The Julian Alps extend over both Italian and Slovenian national territory. The mighty rock faces of the Julian Alps alternate with elevations characterised by strips of rock overgrown with grass and steep slopes with compact or fragmented rock. Four elevations, which together with their subsidiary summits form four groups of mountains, determine the appearance of the Western Julian Alps: the Mangart (2,668 metres), the Wischberg (2,666 metres), the Montasch (2,753 metres) and the Kanin (2,587 metres).
The Saiseratal Valley, which is set against a striking mountain backdrop, including the famous Wischberg and Montasch peaks, is probably one of the most fascinating valleys in the Julian Alps. Many forest roads and trails branch off the asphalt road which leads from Valbruna to the excursion destination Oitzinger-Wiesen, with an open invitation to many beautiful hikes.
One of the best sites for enjoying an unequalled view of the whole mountain chain of the Julian Alps is the Lussari Mountain. The hike leads uphill through the Tarvisio woods along the charming pilgrims’ path to the pilgrimage church of Maria Lussari, which together with the small village of the same name has been the destination for pilgrimages by Italian, Slavic and German believers since time immemorial. According to ancient lore, the church was built on the point where the mother of God is said to have appeared. Impassioned skiers rate the Monte Lussari highly because of the Prampero piste. The pilgrims’ path (“Sentiero del Pellegrino”) is very popular with trekking fans.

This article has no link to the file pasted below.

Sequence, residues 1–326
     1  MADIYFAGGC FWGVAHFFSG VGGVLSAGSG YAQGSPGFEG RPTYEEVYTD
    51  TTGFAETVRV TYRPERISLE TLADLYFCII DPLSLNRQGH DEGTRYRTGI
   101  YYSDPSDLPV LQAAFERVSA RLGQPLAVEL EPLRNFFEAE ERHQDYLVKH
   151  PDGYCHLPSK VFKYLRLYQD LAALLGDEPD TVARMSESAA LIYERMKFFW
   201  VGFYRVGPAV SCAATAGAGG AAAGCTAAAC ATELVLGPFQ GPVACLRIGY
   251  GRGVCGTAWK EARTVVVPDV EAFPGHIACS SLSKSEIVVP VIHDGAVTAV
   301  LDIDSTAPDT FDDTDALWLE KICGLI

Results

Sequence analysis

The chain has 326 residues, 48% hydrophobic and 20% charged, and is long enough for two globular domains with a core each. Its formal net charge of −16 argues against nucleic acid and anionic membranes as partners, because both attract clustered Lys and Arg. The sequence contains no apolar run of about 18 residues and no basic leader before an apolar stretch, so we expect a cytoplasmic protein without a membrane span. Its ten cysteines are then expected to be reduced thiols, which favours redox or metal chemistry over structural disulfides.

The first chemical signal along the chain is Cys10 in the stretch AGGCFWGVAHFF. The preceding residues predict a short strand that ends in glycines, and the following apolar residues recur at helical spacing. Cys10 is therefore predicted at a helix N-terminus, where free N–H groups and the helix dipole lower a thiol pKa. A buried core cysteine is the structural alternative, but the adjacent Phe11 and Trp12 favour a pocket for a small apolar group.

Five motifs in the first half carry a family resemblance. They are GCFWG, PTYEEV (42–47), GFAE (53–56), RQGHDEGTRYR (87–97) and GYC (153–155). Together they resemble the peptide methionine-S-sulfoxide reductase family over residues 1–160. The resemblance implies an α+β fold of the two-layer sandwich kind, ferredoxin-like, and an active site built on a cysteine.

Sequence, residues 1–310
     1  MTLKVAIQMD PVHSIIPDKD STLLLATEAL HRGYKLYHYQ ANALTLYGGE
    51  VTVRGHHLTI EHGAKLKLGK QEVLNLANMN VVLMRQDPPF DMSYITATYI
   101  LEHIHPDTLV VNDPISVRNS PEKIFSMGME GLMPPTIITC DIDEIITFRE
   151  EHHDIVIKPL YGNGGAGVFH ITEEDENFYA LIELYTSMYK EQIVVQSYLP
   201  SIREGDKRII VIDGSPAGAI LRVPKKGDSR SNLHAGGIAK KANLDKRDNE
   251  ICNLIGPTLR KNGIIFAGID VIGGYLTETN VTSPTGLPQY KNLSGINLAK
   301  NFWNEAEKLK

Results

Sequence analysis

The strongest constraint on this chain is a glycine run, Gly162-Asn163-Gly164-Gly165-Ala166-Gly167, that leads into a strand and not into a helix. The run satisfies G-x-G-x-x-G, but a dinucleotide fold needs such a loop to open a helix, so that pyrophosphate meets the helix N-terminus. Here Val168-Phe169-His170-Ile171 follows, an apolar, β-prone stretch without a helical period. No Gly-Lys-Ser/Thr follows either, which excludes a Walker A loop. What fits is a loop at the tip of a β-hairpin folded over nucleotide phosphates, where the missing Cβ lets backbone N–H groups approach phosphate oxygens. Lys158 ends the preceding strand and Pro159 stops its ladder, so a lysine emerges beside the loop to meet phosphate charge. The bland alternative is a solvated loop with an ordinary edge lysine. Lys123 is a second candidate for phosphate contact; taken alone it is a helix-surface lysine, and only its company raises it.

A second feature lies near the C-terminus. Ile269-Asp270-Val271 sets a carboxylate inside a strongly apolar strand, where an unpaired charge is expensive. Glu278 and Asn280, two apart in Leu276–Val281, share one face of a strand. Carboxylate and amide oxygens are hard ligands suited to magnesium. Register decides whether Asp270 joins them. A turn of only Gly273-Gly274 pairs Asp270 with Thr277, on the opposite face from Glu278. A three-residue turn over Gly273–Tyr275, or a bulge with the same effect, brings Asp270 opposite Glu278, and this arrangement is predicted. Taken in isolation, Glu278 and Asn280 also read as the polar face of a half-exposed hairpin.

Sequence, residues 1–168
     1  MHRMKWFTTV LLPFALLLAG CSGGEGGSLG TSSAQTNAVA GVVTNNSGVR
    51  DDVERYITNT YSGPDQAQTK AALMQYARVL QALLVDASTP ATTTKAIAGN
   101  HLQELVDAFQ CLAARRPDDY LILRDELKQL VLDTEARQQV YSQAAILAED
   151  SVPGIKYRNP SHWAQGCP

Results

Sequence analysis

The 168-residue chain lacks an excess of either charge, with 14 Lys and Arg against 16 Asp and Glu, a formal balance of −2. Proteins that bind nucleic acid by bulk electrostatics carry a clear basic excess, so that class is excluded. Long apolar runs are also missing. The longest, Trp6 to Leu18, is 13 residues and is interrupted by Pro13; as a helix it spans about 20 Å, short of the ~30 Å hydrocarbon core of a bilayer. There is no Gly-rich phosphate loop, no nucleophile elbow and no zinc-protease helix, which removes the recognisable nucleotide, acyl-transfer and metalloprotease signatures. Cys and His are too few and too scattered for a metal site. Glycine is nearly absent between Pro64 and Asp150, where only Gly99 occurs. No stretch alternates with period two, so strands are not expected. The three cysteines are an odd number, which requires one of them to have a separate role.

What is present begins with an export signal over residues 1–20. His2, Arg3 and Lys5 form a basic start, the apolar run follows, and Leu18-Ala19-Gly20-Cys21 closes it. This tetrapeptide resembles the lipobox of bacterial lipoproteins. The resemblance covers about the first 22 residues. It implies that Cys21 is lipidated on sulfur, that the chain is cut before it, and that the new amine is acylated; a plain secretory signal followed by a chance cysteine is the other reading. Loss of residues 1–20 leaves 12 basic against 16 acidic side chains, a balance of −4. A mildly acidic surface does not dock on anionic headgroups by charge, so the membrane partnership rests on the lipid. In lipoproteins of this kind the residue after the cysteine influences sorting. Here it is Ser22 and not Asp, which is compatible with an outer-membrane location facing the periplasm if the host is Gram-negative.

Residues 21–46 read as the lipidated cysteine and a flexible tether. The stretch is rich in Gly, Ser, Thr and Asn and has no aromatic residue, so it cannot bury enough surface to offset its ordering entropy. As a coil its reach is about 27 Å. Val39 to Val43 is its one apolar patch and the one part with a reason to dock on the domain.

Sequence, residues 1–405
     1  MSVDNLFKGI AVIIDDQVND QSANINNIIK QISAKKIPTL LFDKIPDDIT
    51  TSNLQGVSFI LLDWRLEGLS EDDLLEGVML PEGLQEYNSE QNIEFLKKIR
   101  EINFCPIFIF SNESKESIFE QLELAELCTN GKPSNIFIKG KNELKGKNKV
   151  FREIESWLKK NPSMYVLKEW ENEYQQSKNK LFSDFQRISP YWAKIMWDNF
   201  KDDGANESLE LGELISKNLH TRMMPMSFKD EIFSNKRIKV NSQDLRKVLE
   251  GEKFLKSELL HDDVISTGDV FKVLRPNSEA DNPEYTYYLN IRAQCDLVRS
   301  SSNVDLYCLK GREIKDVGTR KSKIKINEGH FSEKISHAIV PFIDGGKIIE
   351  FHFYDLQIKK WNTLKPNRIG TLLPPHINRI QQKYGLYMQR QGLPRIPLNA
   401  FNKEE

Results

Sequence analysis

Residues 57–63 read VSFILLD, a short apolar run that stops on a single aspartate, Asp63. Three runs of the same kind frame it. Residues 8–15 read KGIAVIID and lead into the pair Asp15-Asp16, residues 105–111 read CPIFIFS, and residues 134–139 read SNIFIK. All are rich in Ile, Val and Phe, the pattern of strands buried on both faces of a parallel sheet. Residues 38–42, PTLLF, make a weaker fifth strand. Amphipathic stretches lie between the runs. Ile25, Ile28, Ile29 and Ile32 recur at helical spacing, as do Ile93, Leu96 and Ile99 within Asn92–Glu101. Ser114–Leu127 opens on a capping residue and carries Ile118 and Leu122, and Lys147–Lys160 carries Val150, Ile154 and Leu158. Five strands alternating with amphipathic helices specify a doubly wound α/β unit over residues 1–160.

Camporosso (in German Saifnitz) with the Fella and the Canal del Ferro/Eisental Valley on the one side and the Val Canale/Kanaltal Valley on the other side lies precisely on the watershed between the Adriatic and the Black Sea.
Tarvisio is one of the most important ski regions and mountain sport centres in the Friuli-Venezia Giulia region. This small town, surrounded by the Julian Alps, numerous valleys and extensive woodland, has a modern feel but also an “old soul”, and it also has many traditions which are well worth discovering. Due to its location in the “Dreiländereck” where Italy, Slovenia and Austria meet, Tarvisio is a crossing point for languages and cultures. The excellent regional cuisine bears the stamp of Friulian, Carinthian and Slovenian influences.